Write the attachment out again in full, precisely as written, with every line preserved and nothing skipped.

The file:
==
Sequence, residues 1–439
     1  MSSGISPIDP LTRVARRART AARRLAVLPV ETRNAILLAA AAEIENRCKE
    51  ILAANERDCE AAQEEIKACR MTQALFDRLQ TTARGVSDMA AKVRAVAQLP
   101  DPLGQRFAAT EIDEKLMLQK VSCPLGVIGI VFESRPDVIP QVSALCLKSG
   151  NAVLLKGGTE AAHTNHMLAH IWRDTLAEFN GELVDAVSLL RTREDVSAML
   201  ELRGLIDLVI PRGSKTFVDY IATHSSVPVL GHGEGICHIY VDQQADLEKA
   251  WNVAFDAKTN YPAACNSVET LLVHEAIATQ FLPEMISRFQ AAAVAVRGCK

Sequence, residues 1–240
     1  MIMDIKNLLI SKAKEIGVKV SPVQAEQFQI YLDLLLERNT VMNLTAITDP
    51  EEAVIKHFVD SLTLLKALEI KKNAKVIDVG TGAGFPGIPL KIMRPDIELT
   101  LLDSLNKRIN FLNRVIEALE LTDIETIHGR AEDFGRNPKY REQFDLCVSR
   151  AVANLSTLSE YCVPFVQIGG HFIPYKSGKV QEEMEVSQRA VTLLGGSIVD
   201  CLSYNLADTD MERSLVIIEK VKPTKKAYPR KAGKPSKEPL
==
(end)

Sequence, residues 1–439
     1  MSSGISPIDP LTRVARRART AARRLAVLPV ETRNAILLAA AAEIENRCKE
    51  ILAANERDCE AAQEEIKACR MTQALFDRLQ TTARGVSDMA AKVRAVAQLP
   101  DPLGQRFAAT EIDEKLMLQK VSCPLGVIGI VFESRPDVIP QVSALCLKSG
   151  NAVLLKGGTE AAHTNHMLAH IWRDTLAEFN GELVDAVSLL RTREDVSAML
   201  ELRGLIDLVI PRGSKTFVDY IATHSSVPVL GHGEGICHIY VDQQADLEKA
   251  WNVAFDAKTN YPAACNSVET LLVHEAIATQ FLPEMISRFQ AAAVAVRGCK

Sequence, residues 1–240
     1  MIMDIKNLLI SKAKEIGVKV SPVQAEQFQI YLDLLLERNT VMNLTAITDP
    51  EEAVIKHFVD SLTLLKALEI KKNAKVIDVG TGAGFPGIPL KIMRPDIELT
   101  LLDSLNKRIN FLNRVIEALE LTDIETIHGR AEDFGRNPKY REQFDLCVSR
   151  AVANLSTLSE YCVPFVQIGG HFIPYKSGKV QEEMEVSQRA VTLLGGSIVD
   201  CLSYNLADTD MERSLVIIEK VKPTKKAYPR KAGKPSKEPL